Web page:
After a discussion of the sorts of tales he would include under the genre “fairy-stories” and the various sorts of faux fairy stories he would reject, he turns to consider the question of the origin of fairy-stories. This question could be considered in two ways, and Tolkien discusses both. The first is the question of the origin of a particular story. This is the sort of thing that scholars debate constantly. If, for example, you find a similar tale in two widely different locations, what is the explanation? Do some tales just travel around the world until every culture has some version? Do some tales originate in multiple locations simultaneously? Tolkien moots most of these questions that so fascinate scholars. First, he says they aren’t using the tale as it was meant to be used. Just as he complained so-called critics had for years dissected Beowulf rather than just read it as a poem, so he says they often do with all fairy-stories. It’s a fine procedure in its own way, but it doesn’t tell us anything about the actual story. We often find stories about witches eating (or trying to eat) children, but that doesn’t mean Hansel and Getel, Baba Yaga and “Hocus Pocus” are “the same story.” And deciding that the first two arose independently and the last imitated the first but not the second tells us little about why this theme should have been used in this story in this way. Ultimately, Tolkien points out, any explanation of the fairy-story goes back to some Story-teller, who had a particular reason for telling this tale in this way. He writes that “The human mind, the tongue and the tale are all coeval.” That is, fairy-stories are as ancient as language and the mind itself. This may be more provable than Tolkien knew, if those cave paintings of horned men suggest (as some scholars believe) that Paleolithic humans imagined a magical man-beast. Tolkien says in his essay that the human mind is able to abstract the qualities from the world and combine them in new ways, imagining the green of grass on an old witch’s skin or the yellow straw being spun into yellow gold. This is the essential creative activity of the human mind: taking the things God has made and seeing them in new ways, in new relationships, and with new possibilities. This is the beginning of Faerie.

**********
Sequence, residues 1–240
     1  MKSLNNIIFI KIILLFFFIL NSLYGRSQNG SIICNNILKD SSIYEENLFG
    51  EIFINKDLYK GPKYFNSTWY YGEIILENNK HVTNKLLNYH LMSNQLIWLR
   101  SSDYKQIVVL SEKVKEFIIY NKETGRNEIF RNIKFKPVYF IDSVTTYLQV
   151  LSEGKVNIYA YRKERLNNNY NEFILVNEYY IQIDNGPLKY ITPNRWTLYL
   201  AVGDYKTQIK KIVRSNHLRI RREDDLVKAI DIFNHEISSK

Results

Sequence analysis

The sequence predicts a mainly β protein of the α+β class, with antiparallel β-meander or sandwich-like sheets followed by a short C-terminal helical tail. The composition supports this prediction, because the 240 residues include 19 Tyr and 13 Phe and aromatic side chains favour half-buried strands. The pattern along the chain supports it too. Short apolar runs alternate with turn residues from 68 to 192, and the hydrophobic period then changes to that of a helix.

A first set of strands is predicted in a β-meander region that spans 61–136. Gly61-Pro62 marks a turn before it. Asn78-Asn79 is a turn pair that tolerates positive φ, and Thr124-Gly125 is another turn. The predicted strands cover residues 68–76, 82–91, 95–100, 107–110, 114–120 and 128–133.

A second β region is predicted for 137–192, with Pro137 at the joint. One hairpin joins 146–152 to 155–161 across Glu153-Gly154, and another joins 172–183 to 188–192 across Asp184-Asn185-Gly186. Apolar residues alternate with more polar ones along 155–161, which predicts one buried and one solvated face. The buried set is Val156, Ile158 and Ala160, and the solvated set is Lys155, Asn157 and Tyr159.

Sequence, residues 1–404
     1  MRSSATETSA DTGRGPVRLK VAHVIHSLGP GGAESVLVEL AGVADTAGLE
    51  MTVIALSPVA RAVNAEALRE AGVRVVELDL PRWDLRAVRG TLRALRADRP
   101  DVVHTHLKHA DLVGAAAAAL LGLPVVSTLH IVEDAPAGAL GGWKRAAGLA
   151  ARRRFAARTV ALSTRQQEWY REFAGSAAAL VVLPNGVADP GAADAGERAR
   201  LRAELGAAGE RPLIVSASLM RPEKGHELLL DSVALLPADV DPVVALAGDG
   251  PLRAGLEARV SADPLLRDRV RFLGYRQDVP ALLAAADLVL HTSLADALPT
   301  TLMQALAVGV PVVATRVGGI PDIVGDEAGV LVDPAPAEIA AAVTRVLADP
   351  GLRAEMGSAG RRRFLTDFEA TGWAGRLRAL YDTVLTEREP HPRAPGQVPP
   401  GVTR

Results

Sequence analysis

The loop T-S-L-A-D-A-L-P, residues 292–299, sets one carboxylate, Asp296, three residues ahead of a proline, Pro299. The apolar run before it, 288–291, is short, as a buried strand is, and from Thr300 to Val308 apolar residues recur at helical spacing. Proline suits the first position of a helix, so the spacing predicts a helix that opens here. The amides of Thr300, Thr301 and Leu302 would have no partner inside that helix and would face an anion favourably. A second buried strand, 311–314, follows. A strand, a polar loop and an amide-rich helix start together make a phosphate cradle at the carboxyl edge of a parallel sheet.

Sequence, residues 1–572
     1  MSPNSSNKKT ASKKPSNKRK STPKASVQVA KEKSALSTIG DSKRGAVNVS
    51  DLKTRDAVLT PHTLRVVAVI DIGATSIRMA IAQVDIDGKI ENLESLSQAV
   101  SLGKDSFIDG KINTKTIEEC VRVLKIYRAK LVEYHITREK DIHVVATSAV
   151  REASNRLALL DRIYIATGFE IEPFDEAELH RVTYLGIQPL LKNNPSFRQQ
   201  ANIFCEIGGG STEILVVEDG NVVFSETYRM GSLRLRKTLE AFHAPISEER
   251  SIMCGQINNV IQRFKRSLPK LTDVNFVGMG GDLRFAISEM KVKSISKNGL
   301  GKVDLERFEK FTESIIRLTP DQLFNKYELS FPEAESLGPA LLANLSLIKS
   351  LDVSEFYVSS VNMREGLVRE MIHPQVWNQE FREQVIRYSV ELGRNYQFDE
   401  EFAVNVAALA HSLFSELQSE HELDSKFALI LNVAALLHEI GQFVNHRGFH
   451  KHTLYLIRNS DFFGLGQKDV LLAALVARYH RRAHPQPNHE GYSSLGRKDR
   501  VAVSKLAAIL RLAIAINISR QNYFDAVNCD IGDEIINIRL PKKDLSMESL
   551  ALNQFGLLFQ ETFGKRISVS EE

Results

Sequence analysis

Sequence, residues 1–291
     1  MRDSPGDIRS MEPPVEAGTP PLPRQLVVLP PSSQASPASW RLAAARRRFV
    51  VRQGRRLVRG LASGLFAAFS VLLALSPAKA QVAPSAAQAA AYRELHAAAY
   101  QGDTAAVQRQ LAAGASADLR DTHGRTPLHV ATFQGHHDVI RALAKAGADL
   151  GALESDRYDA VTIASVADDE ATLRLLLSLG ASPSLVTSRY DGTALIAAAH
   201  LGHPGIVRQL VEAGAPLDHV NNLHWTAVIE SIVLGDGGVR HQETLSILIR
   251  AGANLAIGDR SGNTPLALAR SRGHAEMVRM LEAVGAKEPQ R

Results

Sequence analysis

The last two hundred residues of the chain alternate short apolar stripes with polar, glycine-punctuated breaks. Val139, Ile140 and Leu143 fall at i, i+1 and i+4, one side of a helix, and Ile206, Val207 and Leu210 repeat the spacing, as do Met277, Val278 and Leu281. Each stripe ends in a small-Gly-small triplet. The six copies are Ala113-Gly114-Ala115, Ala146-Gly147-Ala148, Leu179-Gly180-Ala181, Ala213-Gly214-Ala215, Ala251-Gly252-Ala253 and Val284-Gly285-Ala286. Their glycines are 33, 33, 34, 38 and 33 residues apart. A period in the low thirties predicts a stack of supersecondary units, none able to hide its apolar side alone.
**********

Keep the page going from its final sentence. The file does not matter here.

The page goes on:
The origin of the fairy-story is the story teller. The origin of Faerie is the ability of the human mind to abstract concepts from the observed world and combine them in new ways. But why should anyone seek to do this? Why make up stories about other worlds, and the Perilous Realm? Why did the ancient storytellers choose tales of Faerie, and why do so many modern storytellers continue to do so? Why does there continue to be such a hunger for fairy-stories, even among modern people?    Tolkien says that the chief value of fairy-stories, if they are well done, lies in their literary merit just as it does for any other work of art. He utterly rejects the idea that they are “children’s stories” or as we call them today, “Young Adult literature.” Their chief value is not that they are good for children; if they are good, they are good for everyone. But fairy-stories in particular serve four distinct functions: Fantasy, Recovery, Escape, and Consolation, all of which Tolkien says adults generally need more than children do.

Fantasy: Of the four, Tolkien regards Fantasy as the most important: he devotes as much space discussing Fantasy as he does the other three combined. Tolkien says it is because human beings are inherently, essentially creative. It is human nature to want to create something new. As he puts it, “Fantasy remains a human right: we make in our measure and in our derivative mode, because we are made; and not only made, but made in the image and likeness of a Maker.”